My Nottingham

Having settled into a new job and with summer finally here (I think), I’ve recently had a newfound appreciation for Nottingham. Although it’s been nearly 6 years now, I feel like I’m only just discovering everything it has to offer.

Living here as a student, I was very much in bubble of the campus and it’s immediate surroundings. Starting my first job my bubble expanded a little but was still very city-centre focused, and it’s only in the last few years that I’ve ventured further. There’s still much more to explore and my map is by no means finished (I am already sure there are at least 10 interesting or special places I’ve missed) but I’m starting to feel like maybe I have reached my destination, geographically at least. With that in mind, it feels an appropriate time to say goodbye to this blog, and move onto the next – name/idea/content TBC.

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This manic month started off with a winter weekend in Copenhagen, a city I’ve been dying to visit for years. Despite the chill it lived up to all my expectations; the only word I can think of to describe it is ‘cool’. It’s mix of classic architecture, relaxed lifestyle and unpretentious indie spirit made a lovely place to wander, explore, and warm up with many hot drinks!

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Water is so central to the landscape, wherever you go it is inescapable, making the most unexpected of buildings look impressive. It cuts the city centre up making it’s grid structure work around it. Nyhavn and Kastellet, the star shaped fort, have very different uses and feels, but both wouldn’t be what they are without it.


One thing I knew we were definitely going to have to do was climb the tower at Christianborg Slot, the seat of government portrayed in Borgen, my TV obsession of last year. The view perfectly showed Copenhagen’s mix of old and new, industrial and beautiful. It also gave us a faint view of the Oresund Bridge, which this year’s TV obsession ‘The Bridge’ is centred on.


The strangest part of the trip was definitely visiting ‘Freetown Christiania’, a self-proclaimed, autonomous neighbourhood. Although selling drugs is still illegal, this commune is left alone by the police, and is a massive tourist attraction due to it’s colourful streets. It being a grey, overcast day definitely didn’t help the mood, but while I never felt unsafe with all the people around, it was definitely uncomfortable walking down a road where people are wearing balaclavas. I’m glad we went as I’m not sure where else I’d experience that kind of place, but I can’t imagine wanting to stay for long.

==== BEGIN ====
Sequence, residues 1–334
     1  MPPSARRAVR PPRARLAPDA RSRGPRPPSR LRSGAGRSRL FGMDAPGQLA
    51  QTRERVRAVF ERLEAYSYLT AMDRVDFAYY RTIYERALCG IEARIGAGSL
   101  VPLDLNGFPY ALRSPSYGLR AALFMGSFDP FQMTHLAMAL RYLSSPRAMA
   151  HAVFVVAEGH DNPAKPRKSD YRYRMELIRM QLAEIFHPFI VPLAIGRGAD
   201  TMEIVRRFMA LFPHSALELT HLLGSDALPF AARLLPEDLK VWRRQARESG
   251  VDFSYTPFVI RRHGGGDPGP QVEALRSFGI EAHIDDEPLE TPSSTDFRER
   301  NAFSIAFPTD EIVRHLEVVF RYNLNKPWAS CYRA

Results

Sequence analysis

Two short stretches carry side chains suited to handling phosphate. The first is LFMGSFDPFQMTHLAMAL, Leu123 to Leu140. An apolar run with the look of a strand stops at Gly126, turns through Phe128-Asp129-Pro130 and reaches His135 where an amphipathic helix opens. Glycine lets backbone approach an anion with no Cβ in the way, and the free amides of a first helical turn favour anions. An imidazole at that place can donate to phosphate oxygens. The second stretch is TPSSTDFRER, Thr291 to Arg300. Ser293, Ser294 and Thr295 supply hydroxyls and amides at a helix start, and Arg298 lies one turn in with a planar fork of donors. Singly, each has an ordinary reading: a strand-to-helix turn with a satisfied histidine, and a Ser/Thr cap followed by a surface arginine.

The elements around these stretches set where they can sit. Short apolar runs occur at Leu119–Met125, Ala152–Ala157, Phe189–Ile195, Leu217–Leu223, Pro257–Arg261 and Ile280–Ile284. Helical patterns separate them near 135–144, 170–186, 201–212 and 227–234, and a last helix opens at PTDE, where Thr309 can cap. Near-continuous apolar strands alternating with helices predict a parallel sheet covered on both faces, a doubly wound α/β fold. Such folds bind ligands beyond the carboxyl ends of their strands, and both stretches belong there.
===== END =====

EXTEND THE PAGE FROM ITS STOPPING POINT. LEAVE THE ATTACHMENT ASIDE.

Considering the fact I’ve never cycled on a road before, I wasn’t brave enough to jump on the cities favourite mode of transport. Although given a bit more time I think I would have done, as I’ve never seen a place where cyclists have as much importance as cars, and where the roads are built with them in mind. We did at one point jump on a water taxi (also adapted for cyclists…) as the few bridges are fairly spaced out; if we were thinking that then I’m sure the city’s residents really can’t wait for the pedestrian bridge to be completed!


Having apparently done over 100,000 steps in 4 and a bit days, I was ready for another break when we got home. With all it’s open spaces and waterside, I am already looking forward to one day coming back in warmer weather!

One day I will run a library…

I’ve never really had a dream job or ultimate goal in life but recently I’ve realised both of those boxes could be ticked by running a library. Obviously I’m not talking about your standard, depressing, concrete council library, I’m thinking of something a little more unexpected and thought-provoking.

I’ve always loved reading and while my first library was in hindsight nothing inspiring, to 10 year old me that 60’s brick block was AMAZING. Last year I visited the newly opened Birmingham Public Library on my travels and fell in love (since when did libraries have roof gardens and neon escalators?!) However while it’s a great place if you’re going to study or know what you are looking for, the only section that to me felt like it prompted discovery was the children’s area. In terms of enticing adults in to read for leisure, I don’t think the library format works anymore. With no time to browse every shelf or wish to talk in whispers, Waterstones is now a far more comfortable environment in comparison!

‘read.’ is my plan for a space which encourages people to be more experimental with reading, and shows them that there is a book for everyone. The theme of the entire space would change every 6-8 weeks, with topics on everything from the internet to space exploration. One month you might read a fictional adventure set in the Amazon, the next you might end up discussing the concept of independence. Fiction and non-fiction would split the space roughly in half, asking you if you want to imagine or learn as you enter.

The ‘imagine.’ side would be filled with sofas and comfortable chairs where you can get lost in a book. As well as places where you can read and dream in peace, there would be areas where you could let your imagination run wild. Perhaps this would be something like the Ideabox in the collage, where one person starts a story and everyone else builds it into a collaborative tale.

‘learn.’ on the other hand would be more of a space to discuss, predominantly a big table where a book club could meet or a speaker could share views on a topic. A wall of questions would exist here, where people could write up and help each other answer queries on things they’ve read.

As with every bookshop/library there would have to be a form of nourishment, whether this is a café or something more unique like a doughnut shop (the great new Nottingham Doughnut Co. is never far from my mind…) Independent publishing in the form of zines and magazines would also have a place in ‘read.’ pointing people in the direction of where else this idea is currently being discussed.